With winter on everyone's doorstep and the snow that comes with it, there are some people who cannot enjoy the winter as much as other people around them.
For those who have seasonal affective disorder, they usually do not feel as comfortable as others once the weather changes. Leaves fall, and lands become barren, covered with a thick layer of powder. While this can create a scenery that may be appealing to some, to others, it’s a source of dismay, anxiety, and depression, which can negatively affect them and trigger certain conditions, or exacerbate the symptoms of already existing ones, which can include fibromyalgia.
Seasonal affective disorder is a mood disorder characterized by the presence of symptoms such as depression during a specific time of year — usually winter. Frequently, the symptoms manifest as autumn reaches its end and when winter begins to take place, but they disappear when spring and summer rolls by. However, there is also an uncommon variant during the summer; starting near the end of spring and disappearing in the winter.
The DSM-V, a manual used in the diagnostic and statistical analysis of mental disorders, defines seasonal affective disorder as a viable seasonal pattern for the diagnosis of a recurrent major depressive disorder that occurs in a specific time of the year. The prevalence of the disease is higher in regions where there are longer winter nights, and it is believed to be caused by the brain’s natural (yet defective) response to less natural light, which lowers the person’s serotonin and melatonin levels that are charged while a person is asleep.
When it comes to seasonal affective disorder, the most common symptoms are appetite changes, weight gain, constant fatigue, and somnolence, as well as affective symptoms such as desperation, irritability, anxiety, and anhedonia. On the other hand, in the summer variation of seasonal affective disorder, the most frequent symptoms are diminished appetite, weight loss, insomnia, irritability, and anxiety. Luckily, it has been discovered that a constant exposure to artificial light, such as the one created by fluorescent lamps can positively affect the afflicted. Considering that the main cause of the disorder is the lack of light due to long winter nights, it is believed that said exposure can help regulate the chemical balance in the body.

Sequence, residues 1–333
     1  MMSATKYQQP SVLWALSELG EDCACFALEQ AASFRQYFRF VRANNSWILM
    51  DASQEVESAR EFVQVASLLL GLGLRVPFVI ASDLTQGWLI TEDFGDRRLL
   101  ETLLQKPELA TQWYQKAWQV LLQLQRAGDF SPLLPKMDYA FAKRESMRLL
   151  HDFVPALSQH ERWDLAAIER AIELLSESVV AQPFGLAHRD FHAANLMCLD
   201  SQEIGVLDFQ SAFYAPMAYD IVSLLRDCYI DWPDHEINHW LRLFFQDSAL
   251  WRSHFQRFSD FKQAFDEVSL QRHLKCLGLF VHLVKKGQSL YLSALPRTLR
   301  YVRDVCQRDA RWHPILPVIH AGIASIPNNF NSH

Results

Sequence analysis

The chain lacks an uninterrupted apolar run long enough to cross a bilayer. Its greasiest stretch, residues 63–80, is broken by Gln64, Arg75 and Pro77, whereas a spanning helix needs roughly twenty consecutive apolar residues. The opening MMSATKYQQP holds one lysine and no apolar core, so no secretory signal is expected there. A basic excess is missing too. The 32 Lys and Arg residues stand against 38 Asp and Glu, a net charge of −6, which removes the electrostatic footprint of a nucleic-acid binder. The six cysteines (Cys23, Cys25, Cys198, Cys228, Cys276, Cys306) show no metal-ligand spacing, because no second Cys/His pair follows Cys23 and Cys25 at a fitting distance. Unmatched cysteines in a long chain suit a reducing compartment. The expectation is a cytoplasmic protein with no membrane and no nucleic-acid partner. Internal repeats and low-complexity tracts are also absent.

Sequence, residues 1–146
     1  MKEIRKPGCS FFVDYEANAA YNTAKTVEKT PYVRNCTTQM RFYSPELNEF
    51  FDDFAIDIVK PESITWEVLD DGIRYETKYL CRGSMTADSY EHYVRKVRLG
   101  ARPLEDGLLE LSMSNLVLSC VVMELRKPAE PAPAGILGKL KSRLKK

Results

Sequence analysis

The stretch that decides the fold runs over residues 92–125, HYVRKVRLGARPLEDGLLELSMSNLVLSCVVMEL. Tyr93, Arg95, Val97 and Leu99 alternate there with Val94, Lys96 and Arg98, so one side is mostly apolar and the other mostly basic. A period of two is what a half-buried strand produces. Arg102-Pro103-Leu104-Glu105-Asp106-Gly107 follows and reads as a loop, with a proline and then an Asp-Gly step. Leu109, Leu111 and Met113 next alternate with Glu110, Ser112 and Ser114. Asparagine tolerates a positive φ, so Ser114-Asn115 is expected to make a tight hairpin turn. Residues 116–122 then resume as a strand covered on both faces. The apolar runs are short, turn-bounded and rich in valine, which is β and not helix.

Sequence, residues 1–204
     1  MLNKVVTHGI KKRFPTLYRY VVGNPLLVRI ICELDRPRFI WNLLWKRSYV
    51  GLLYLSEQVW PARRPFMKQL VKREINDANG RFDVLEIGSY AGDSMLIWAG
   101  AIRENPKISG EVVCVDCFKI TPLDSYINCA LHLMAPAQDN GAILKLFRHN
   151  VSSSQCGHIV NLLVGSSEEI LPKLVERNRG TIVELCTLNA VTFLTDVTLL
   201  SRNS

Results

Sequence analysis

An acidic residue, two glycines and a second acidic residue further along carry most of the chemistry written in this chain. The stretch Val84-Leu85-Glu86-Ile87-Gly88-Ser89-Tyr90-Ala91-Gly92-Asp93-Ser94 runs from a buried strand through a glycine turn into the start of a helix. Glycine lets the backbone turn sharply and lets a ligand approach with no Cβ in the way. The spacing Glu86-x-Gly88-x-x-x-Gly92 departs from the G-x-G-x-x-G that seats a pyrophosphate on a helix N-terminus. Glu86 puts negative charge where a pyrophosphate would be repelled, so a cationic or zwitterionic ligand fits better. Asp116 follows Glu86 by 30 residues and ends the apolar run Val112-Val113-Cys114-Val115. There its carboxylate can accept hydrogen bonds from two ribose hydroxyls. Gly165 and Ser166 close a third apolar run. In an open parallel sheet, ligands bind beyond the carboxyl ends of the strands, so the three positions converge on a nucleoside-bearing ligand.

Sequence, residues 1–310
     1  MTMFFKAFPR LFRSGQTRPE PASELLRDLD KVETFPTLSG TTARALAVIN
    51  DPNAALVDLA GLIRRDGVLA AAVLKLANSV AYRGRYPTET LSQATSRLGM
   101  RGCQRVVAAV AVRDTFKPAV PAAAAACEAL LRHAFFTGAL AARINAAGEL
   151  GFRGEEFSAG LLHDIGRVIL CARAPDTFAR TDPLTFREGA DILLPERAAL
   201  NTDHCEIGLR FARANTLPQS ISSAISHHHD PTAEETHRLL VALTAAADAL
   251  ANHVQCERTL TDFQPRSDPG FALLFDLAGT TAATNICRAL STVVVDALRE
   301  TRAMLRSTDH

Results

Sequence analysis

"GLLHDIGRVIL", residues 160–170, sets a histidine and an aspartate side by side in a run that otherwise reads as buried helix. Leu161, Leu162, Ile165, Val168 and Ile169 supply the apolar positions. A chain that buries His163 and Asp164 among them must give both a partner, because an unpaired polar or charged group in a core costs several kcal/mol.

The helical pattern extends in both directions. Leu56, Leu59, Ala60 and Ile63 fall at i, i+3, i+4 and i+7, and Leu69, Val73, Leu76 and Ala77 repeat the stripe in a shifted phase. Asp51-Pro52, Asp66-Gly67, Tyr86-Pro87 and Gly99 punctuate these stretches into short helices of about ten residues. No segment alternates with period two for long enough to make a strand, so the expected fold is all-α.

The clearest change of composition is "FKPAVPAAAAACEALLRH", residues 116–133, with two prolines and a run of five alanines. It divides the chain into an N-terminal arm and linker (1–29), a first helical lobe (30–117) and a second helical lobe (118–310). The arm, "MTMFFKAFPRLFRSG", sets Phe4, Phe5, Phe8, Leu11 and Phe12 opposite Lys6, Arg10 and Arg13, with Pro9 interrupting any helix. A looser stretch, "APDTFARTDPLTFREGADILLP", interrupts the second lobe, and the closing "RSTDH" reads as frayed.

Seasonal affective disorder, by itself, is rarely a serious condition. While its symptoms are frequently related to those of a major depressive disorder, it is, by nature, transitory, and can be usually overcome through medication or with assistance from a mental health professional. However, due to its symptoms affecting mostly mood and causing excessive fatigue, its effects can be magnified in certain individuals, such as those with an underlying fibromyalgia diagnosis. In these cases, special care is necessary since the symptoms of the seasonal affective disorder can exacerbate those of fibromyalgia, and vice versa, greatly increasing the intensity of both conditions.
Fibromyalgia is a chronic condition characterized by widespread pain and hypersensitivity in specific parts of the body, often referred to as tender points. The pain often comes accompanied by other symptoms such as irritability, depression, and chronic fatigue that cannot be reduced, no matter how much rest the person gets. In the past, fibromyalgia was classified as a purely-somatic disorder, given the complete lack of any physical evidence to explain the symptoms. However, recent discoveries suggest that said fibromyalgia symptoms, similar to seasonal affective disorder, may be caused by a chemical imbalance in the subject’s nervous system.